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Communicative Offerings in Postcolonial Near-Death Discourses

Sat, May 27, 8:00 to 9:15, Hilton San Diego Bayfront, Floor: 3, Aqua 309

Abstract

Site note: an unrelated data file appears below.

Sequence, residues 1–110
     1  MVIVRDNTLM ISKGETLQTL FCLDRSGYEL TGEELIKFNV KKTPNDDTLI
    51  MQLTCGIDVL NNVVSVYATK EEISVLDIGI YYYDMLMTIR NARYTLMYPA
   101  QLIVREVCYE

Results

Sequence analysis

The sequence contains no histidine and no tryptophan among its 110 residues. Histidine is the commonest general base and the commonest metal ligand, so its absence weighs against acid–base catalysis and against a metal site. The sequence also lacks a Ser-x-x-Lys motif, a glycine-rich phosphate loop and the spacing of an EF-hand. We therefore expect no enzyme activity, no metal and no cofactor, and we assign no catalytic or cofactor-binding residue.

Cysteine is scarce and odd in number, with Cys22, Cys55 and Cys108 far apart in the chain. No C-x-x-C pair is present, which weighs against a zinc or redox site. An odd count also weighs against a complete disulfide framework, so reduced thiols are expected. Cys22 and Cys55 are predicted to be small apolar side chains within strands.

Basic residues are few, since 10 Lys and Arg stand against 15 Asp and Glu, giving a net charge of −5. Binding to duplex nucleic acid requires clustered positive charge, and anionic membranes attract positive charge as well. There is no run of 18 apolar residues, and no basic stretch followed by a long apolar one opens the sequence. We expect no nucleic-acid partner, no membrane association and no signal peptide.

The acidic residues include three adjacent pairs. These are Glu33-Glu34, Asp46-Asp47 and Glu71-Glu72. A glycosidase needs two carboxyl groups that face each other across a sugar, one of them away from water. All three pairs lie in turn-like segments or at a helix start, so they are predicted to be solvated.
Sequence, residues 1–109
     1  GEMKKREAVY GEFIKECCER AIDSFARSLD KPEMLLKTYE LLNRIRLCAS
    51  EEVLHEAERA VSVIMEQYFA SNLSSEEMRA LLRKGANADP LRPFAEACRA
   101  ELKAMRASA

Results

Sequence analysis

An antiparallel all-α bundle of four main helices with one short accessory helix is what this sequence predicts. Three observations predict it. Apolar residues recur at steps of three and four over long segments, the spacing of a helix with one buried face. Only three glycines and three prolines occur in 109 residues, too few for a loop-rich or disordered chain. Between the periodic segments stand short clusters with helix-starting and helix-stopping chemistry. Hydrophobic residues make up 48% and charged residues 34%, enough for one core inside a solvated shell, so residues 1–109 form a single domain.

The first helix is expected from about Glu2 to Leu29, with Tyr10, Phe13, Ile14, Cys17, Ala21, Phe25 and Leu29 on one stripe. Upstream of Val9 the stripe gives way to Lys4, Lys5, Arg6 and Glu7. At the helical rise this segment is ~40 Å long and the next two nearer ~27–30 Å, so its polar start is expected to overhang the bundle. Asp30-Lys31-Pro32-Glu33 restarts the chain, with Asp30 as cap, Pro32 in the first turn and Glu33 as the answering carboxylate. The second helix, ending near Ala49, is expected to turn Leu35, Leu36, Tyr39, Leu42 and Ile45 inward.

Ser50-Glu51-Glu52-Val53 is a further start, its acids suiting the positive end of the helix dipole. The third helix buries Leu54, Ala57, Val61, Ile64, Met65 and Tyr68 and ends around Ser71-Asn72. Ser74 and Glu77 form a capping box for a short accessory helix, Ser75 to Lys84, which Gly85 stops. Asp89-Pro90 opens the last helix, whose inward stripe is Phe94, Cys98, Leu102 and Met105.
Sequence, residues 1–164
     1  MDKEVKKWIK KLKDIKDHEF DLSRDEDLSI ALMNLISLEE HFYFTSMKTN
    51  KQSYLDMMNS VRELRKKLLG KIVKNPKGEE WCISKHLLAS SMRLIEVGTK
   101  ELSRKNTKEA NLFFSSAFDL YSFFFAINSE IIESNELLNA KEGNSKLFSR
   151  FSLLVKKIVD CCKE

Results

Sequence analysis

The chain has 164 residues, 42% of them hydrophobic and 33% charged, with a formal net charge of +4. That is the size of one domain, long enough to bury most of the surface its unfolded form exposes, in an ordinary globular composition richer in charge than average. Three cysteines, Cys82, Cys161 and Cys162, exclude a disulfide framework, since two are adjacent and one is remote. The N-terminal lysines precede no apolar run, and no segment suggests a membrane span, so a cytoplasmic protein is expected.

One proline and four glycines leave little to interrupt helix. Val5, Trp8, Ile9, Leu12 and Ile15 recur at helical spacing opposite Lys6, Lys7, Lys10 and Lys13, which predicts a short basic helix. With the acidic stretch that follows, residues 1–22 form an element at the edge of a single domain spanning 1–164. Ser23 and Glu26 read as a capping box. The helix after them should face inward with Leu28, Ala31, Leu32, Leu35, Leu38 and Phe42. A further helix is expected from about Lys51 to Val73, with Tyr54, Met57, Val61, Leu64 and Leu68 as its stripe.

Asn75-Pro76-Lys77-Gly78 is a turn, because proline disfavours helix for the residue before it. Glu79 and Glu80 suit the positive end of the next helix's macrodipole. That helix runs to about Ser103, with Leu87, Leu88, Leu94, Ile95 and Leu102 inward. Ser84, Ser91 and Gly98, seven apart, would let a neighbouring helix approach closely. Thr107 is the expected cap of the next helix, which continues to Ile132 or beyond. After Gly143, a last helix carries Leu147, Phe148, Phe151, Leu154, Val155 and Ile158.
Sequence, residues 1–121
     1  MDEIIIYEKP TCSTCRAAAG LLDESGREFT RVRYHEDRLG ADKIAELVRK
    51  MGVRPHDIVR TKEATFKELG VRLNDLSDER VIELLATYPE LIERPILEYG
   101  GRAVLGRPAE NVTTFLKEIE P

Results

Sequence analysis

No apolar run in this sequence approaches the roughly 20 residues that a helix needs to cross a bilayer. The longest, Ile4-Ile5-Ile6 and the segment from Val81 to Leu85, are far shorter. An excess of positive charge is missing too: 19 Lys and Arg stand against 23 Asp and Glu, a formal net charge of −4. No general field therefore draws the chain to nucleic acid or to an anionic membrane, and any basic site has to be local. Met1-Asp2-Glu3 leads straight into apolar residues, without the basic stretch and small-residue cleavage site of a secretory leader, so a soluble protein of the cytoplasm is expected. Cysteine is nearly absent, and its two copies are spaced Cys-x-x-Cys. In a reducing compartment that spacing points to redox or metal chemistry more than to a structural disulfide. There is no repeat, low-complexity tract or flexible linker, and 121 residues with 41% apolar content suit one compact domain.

With notable exceptions, Communication Studies was behind the humanities in its postcolonial uptake. When trends caught traction in the mid-1990, the greater postcolonial discipline was in a state of exhaustion, grasping its last breath from globalization studies (Zabus 2015). While literary criticism debated the death, Communication scholars quietly embraced the more seductive rhetorics of transnational, neocolonial, and coloniality. Now, as globalization’s underbelly, the postcolonial revitalization is witness to new publications and proceedings that reject a preoccupation with European colonialism, and instead embrace critical reading practices that make sense of globalization’s nuances, its imperial past, and its future possibilities. The new commitments include embracing non-European citations, a lack of secular pretenses, backing environmental justice collectives, upholding queer rejections of heteronormativity, and seeking insights from science and technology studies among other inquiries. It is in these currents that Communication–specifically, media studies, is interpolated to offer its most pressing and radical interventions.

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